The R.A.T. M is a gaming mouse designed for portable gaming. It’s wireless, powered by two AAA batteries, and absolutely tiny, so you can throw it in your laptop bag. It can be used as a Bluetooth mouse, though it also comes with a low-profile USB dongle that stows away under the mouse when not in use. As is usually the case, we found the USB mode to be more dependable than Bluetooth. A laser sensor provides great tracking on nearly any surface.
Unfortunately, for all its portable conveniences, the R.A.T. M just isn’t comfortable to use. The palm rest on the mouse extends, increasing the overall length, but even at its very longest, the mouse is still quite small, leaving your hand in a cramp-inducing extreme arc. Worse, the palm rest doesn’t lock into place, so during the course of normal use it would almost constantly get shoved back into its shortest setting, rendering the mouse incredibly uncomfortable to use for more than a short while. There are plenty of buttons on the R.A.T. M, but most of them are quite difficult to hit, due again to the mouse’s small size.
With the R.A.T. M’s palm rest extended, the mouse is almost big enough to comfortably use.
A portable mouse is always going to be a compromise, but at $130 MSRP, the R.A.T. M asks too much, and offers too little.
Mad Catz R.A.T. M
Click the next page to read about the TT ESports Theron and Roccat Kone Pure.
Aside from some flashy lights, does this newcomer bring much to the table?
TT ESports is the peripherals division of Thermaltake, and one of the newer entrants into the increasingly crowded market. While the Theron isn’t the flashiest mouse we’ve seen, it’s a very solid piece of hardware, and a sign that the company’s serious about competing.
The Theron is an especially boxy mouse, with very wide, flat buttons and a nice clicking action. When powered up, it emits light from the scroll wheel, dragon logo, and from three LEDs located around the bottom, lighting up your desk under the mouse.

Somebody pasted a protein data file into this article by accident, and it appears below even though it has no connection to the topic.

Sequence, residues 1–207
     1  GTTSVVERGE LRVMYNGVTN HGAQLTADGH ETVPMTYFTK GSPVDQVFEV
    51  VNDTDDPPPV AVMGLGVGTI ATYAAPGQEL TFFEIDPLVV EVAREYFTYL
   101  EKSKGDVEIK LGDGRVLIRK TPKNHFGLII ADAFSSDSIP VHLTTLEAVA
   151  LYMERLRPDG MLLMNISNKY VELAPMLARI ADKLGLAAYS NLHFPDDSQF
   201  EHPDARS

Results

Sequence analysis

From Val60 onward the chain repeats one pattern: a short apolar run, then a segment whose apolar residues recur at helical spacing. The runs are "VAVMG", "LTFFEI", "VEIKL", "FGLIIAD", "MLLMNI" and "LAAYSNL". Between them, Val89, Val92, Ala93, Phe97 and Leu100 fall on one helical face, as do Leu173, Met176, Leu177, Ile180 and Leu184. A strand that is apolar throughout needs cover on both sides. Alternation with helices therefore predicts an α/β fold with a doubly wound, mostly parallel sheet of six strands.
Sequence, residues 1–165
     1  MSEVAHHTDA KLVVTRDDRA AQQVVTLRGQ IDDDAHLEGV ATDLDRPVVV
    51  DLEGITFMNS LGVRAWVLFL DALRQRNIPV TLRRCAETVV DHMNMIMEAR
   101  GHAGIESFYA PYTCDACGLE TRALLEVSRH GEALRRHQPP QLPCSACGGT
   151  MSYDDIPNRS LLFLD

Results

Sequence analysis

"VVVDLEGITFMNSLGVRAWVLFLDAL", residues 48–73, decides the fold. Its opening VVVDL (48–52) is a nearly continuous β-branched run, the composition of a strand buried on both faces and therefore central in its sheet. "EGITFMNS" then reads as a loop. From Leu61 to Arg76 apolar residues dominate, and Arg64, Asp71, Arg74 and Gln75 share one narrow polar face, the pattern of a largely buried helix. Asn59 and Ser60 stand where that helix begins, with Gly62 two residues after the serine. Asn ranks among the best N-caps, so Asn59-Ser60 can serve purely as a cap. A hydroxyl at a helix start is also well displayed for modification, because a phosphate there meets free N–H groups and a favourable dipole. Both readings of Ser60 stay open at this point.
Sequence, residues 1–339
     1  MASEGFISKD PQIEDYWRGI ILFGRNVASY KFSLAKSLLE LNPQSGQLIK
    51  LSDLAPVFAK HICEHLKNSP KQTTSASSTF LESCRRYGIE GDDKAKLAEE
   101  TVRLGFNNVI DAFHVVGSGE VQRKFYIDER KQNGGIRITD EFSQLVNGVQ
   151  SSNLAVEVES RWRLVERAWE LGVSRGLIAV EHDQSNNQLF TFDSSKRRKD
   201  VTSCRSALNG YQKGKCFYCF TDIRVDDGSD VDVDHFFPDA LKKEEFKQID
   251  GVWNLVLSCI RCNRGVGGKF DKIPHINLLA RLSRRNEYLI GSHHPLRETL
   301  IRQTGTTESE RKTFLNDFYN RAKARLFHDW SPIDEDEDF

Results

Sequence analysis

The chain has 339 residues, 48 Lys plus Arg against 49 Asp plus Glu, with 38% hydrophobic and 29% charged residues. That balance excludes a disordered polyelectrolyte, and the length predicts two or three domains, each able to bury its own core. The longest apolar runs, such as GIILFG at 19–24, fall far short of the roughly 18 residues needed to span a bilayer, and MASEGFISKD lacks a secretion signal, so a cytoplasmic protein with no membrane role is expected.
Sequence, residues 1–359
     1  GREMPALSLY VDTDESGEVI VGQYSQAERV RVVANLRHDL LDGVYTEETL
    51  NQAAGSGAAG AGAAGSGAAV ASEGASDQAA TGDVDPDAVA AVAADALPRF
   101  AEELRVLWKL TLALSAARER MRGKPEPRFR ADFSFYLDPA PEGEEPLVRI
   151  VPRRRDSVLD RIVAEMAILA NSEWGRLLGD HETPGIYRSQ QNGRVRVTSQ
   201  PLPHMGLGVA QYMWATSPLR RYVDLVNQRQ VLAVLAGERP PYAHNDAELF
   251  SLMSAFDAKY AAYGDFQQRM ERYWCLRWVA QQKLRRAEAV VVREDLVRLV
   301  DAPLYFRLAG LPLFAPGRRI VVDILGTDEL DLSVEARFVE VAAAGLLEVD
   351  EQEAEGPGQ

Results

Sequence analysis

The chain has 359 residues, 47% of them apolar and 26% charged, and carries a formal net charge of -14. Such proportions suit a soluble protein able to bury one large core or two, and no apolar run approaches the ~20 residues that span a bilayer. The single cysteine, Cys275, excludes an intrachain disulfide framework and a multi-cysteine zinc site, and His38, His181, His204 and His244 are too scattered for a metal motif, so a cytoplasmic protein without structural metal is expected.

The mouse features the sort of “soft-touch” rubberized surface that’s popular on a lot of gaming mice. Though it feels nice to the touch, these coatings have a tendency to make your hand feel sweaty quickly, and the Theron’s in particular started to show grease and fingerprints right away.
On the underside of the Theron is a hatch that opens up to reveal a bank of five 4.5 gram weights, which allows you to substantially alter the overall weight of the mouse. It has two additional thumb buttons, one pinky button, and two DPI buttons. All are bindable, though the DPI buttons are placed far enough back from the thumb wheel that there’s no real hope of hitting them in the heat of battle. Our only real complaint about the construction of the mouse is that the scroll wheel felt a little flimsy in its socket—otherwise, the Theron is quite solid.
Like a souped-up street racer, the Theron features customizable underlighting.
The Theron doesn’t do much to stand out among the other mice in its price range, but it’s hard to find specific things to fault it for. It’s an all-around respectable option.
Tt eSports Theron
Sometimes beauty is more than skin deep
“Pure” is a good name for this version of the Roccat Kone gaming mouse—it’s all about pure performance. It doesn’t have a billion buttons, or removable weights, or any other extraneous features. Instead, the Kone Pure focuses on doing a smaller number of things well.